extremely challenging. The financial implications of clinical trials along
with the time requirement is a major deterrent, if not a barrier, for many
companies, thus representing an obstacle to SBPs adoption and consequently
to the reduction of health care costs and accessibility.

Another barrier for the rapid adoption of SBPs and to reduce cost and
increase access of these drugs is the absence of an interchangeability
designation. Interchangeability is the inherent property of a product and a
condition for substitution that allows substituting an originator
biotherapeutic with the SBP, at the pharmacy level, without the consent of
the prescribing physician. Although interchangeability and substitution
bear a close relationship, yet they have different meanings.[3] To receive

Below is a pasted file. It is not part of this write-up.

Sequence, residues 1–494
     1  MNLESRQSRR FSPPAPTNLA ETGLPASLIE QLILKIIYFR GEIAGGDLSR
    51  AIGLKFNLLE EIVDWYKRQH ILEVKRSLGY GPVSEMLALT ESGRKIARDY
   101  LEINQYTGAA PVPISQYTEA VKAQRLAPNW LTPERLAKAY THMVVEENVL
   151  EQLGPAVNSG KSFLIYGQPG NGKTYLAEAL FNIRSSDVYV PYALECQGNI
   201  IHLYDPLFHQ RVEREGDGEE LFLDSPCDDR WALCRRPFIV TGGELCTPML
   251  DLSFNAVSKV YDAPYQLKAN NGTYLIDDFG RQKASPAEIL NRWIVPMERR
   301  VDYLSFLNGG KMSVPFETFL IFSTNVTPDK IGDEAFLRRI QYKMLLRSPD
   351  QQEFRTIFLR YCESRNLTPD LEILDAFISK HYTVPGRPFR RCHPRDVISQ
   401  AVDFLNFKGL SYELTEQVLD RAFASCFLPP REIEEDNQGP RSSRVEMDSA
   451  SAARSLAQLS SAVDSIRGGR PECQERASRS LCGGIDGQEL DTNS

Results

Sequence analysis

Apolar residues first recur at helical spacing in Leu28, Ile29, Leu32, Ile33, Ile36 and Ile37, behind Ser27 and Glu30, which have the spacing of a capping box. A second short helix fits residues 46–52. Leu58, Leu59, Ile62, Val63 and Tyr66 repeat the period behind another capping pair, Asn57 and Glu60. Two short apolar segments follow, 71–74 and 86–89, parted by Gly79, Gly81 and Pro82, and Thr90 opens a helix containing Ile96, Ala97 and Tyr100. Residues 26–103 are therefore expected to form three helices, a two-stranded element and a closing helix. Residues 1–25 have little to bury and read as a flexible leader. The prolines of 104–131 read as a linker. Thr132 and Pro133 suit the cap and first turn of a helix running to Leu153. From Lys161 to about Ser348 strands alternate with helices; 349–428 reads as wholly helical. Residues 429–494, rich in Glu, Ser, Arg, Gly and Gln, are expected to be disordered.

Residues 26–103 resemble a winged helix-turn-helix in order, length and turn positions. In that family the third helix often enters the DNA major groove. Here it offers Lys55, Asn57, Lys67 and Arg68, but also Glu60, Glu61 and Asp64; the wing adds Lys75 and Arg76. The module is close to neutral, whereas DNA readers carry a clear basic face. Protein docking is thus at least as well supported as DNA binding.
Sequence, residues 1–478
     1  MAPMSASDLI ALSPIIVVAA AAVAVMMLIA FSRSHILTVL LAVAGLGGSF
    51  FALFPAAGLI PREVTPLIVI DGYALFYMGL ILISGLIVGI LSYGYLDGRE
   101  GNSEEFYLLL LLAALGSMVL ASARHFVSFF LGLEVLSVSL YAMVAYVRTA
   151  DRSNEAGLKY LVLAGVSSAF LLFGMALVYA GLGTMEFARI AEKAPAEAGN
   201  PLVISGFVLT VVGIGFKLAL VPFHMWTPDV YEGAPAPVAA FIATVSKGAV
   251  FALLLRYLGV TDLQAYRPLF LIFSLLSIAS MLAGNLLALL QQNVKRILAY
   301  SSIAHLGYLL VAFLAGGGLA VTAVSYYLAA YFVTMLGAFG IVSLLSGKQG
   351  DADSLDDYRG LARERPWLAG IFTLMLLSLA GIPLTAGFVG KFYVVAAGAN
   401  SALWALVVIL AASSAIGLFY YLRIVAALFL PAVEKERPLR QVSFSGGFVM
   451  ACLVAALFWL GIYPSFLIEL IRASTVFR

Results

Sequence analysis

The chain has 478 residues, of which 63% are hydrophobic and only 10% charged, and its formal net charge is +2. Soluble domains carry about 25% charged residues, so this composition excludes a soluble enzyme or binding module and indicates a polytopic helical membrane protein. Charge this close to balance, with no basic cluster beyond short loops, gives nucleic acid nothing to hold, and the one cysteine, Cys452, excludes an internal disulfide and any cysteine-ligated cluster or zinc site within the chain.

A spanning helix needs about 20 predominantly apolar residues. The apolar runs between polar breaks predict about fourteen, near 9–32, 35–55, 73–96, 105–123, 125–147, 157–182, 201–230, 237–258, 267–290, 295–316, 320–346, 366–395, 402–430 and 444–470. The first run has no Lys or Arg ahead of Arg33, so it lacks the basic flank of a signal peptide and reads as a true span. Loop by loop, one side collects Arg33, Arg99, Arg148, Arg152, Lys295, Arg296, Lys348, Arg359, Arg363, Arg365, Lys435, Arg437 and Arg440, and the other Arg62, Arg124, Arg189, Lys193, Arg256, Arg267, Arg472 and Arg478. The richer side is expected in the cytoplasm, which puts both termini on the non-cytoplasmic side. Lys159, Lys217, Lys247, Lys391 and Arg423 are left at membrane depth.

the interchangeability designation, the manufacturer must demonstrate not
only that the SBP has a similar efficacy and safety as compared to the
originator biotherapeutic, but also that there is no greater risk in
switching between the SBP and the originator.

To impede the acceptance of SBPs in the market, the originator companies
have allegedly linked switching from an originator product to SBP with the
increased risk of immunogenicity. Immunogenicity is defined as the ability
of a substance to produce an immune response and is one of the key factors
for producing a safe biopharmaceutical drug. Immunogenicity of
biotherapeutics is a widely studied phenomenon and among some 16,000
published papers, there has been no data associating switching with